>>> browser or the web application environment has no control over it. At
>>> best it, or the JS application running within, can get some kind of
>>> signal of such event happening. For TCP-based client-server things
>>> (HTTP, Websocket) it is possible to react to this by re-establishing
>>> the lost TCP connections and state on top of them. This is indeed what
>>> many (native) apps are able to do today. There can be some smarter
>>> ways in the pipeline as well, such as multipath TCP, which would make
>>> the process of "transitioning" a TCP connection from one interface/IP
>>> to another potentially transparent to the application. But with
>>> peer-to-peer and interactive real-time, things get more complicated.
>>> It may of course be that the switching happens due to a sudden loss of
>>> coverage and is so slow, that voice or video calls are broken anyway.
>>> However, in many cases th
>> e
>>>    old interface can be up while the new one is being established, and in
>> principle the total loss of connectivity can be avoided. In such scenarios it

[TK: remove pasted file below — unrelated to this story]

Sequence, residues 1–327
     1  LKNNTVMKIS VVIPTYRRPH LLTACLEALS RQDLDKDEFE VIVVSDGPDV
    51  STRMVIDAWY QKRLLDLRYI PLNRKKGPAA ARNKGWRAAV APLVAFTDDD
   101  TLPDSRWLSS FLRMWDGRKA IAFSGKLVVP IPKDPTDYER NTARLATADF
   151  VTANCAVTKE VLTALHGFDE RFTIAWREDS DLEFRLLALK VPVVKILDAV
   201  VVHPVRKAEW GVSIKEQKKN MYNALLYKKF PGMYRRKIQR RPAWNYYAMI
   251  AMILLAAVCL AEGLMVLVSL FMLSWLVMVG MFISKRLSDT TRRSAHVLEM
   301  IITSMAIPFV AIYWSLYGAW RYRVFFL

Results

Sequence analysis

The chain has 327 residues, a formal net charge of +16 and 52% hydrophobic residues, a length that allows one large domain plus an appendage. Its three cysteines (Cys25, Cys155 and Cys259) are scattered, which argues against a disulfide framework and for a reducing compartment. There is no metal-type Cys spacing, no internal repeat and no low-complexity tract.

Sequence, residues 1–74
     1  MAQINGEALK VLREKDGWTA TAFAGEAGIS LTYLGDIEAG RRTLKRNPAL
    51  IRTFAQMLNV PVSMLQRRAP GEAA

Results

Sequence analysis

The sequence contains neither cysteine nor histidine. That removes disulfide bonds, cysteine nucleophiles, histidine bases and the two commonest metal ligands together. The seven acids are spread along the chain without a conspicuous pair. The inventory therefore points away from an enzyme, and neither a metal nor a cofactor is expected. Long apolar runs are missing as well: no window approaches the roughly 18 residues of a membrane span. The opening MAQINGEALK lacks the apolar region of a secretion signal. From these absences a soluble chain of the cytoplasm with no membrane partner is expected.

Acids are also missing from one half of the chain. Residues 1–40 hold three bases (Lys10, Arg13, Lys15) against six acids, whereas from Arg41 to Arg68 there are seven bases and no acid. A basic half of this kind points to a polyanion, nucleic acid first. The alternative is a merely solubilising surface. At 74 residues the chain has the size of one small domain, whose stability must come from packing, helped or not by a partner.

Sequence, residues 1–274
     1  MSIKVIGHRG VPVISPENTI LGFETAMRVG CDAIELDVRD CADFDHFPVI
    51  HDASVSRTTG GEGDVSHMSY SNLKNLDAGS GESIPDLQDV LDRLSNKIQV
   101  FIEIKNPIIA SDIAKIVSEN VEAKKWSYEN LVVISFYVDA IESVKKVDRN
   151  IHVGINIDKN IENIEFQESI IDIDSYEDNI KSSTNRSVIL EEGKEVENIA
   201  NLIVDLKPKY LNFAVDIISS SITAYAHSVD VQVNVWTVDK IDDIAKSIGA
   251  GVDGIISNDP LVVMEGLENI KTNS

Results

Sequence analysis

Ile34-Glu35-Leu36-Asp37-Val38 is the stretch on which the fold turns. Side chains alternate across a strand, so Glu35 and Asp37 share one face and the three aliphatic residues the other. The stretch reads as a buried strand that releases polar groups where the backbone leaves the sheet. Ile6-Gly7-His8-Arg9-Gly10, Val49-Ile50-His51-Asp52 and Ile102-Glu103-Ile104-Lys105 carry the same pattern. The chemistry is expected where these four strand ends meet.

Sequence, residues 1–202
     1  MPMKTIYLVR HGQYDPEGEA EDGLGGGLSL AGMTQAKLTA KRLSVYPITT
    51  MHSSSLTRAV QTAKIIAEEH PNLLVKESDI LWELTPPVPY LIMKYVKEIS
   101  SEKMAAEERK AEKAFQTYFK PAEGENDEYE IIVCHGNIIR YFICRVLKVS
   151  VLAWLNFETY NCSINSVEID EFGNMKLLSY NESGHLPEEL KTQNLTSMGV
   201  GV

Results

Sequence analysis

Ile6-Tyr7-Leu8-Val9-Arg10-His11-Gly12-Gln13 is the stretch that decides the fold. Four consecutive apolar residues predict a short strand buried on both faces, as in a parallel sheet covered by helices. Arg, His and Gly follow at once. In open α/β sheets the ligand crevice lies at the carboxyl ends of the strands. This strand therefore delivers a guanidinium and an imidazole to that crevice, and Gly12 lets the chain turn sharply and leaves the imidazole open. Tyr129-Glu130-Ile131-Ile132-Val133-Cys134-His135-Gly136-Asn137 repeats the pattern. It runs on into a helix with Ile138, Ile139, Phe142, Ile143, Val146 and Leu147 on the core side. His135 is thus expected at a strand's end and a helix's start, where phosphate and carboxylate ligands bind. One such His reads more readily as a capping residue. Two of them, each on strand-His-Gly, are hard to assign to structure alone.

>> would be realistically possible to update the ongoing real-time sessions to a
>> new IP address and port, if there were some kind of end-to-end or server-
>> assisted mechanism for it. Even a cut of 1-2 seconds would not be as bad as a
>> total loss of the session.
>>> What does this mean in terms of requirements?
>>> - The first-order requirement is that the browser and/or the JS app,
>> whoever needs to act, has to be able to get events of interface switching in
>> the same way as native apps can. If it were only the browser who was
>> required to get them, we could set standards aside, and declare that the
>> browser does this as any other app. But if it is the JS app that needs to do
>> something, then we may need something new as a JS API. I have no clue at
>> the moment if the JS apps can learn about this kind of events. And this is
>> clearly not a RTC-Web specific requirement, but a generic one. I do know that
>> browsers or HTTP libraries can re-send requests etc. based on IP address